Edinburgh Cinema

Edinburgh’s cinemas have their own, different feel. When I visit them, I’ll be writing about both the film and the place, giving you the organic experience. Film critics on the big scale can’t really cater for this, so I hope my reviews bring something extra in this respect.

The Limehouse Golem

limehouse-golem-poster

The Limehouse Golem 06.08.17

Was it the pint of Heineken – £3.30 at the stylish Fountain pub – that made me feel dizzy through this film? The Limehouse Golem is a stylish whodunnit horror, channelling Victorian London and a Jack-the-Ripper ambience. Yet the film itself left me unmoved. I think I understood the ending, and don't care much in hindsight whether I did or not.

It could be that none of the characters are fleshed out. Take Bill Nighy's detective, whom it's suggested halfway through that he's 'not the marrying kind.' This is as deep as the film gets, in terms of characterisation and the LGBT vibe it tries to mine half-heartedly and unconvincingly. The female lead and main suspect, played by Olivia Cooke, never gives us more than the façade of keeping cards to her chest. The murdered husband is shown as a rogue and therefore nothing to mourn for. In the background are grotesques who contribute to the music hall melange: over-acted pantomime without tension, with audiences who laugh at the unfunny slapstick humour. None of it affects, in the way that Lynch's Mullholland Drive (2002) managed to seduce us with the cabaret of Club Silencio. As for the characters, I think back to a favourite period film of mine, The Illusionist (2006), in which Edward Norton's magician Eisenstein, and the detective investigating him played by Paul Giamatti, become figures to root for. The Limehouse Golem is so much less a film than either of these examples, without either a story or characters in which to invest any energy. This is a shame, as the film's ingredients are tantalising, with a noirish city of twisted murders, and the suggestion of something monstrous, in a production spared no apparent expense. Indeed, watch it if you enjoy that particular Gothic darkness of Victorian London, but be aware this film is at best a curio of style over substance, and even the style becomes tiring after a while.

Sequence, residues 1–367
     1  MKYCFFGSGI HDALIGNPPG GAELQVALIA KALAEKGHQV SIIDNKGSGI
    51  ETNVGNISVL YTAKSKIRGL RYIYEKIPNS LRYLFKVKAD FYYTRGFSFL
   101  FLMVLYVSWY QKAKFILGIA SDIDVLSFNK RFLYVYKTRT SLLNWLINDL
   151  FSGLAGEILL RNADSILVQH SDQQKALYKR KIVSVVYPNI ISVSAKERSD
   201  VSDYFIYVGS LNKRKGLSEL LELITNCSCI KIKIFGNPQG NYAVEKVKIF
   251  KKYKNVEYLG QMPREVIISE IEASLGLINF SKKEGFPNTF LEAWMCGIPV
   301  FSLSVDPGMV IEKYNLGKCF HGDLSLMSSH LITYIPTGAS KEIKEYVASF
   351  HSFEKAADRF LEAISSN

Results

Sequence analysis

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Friday, 25 September 2020

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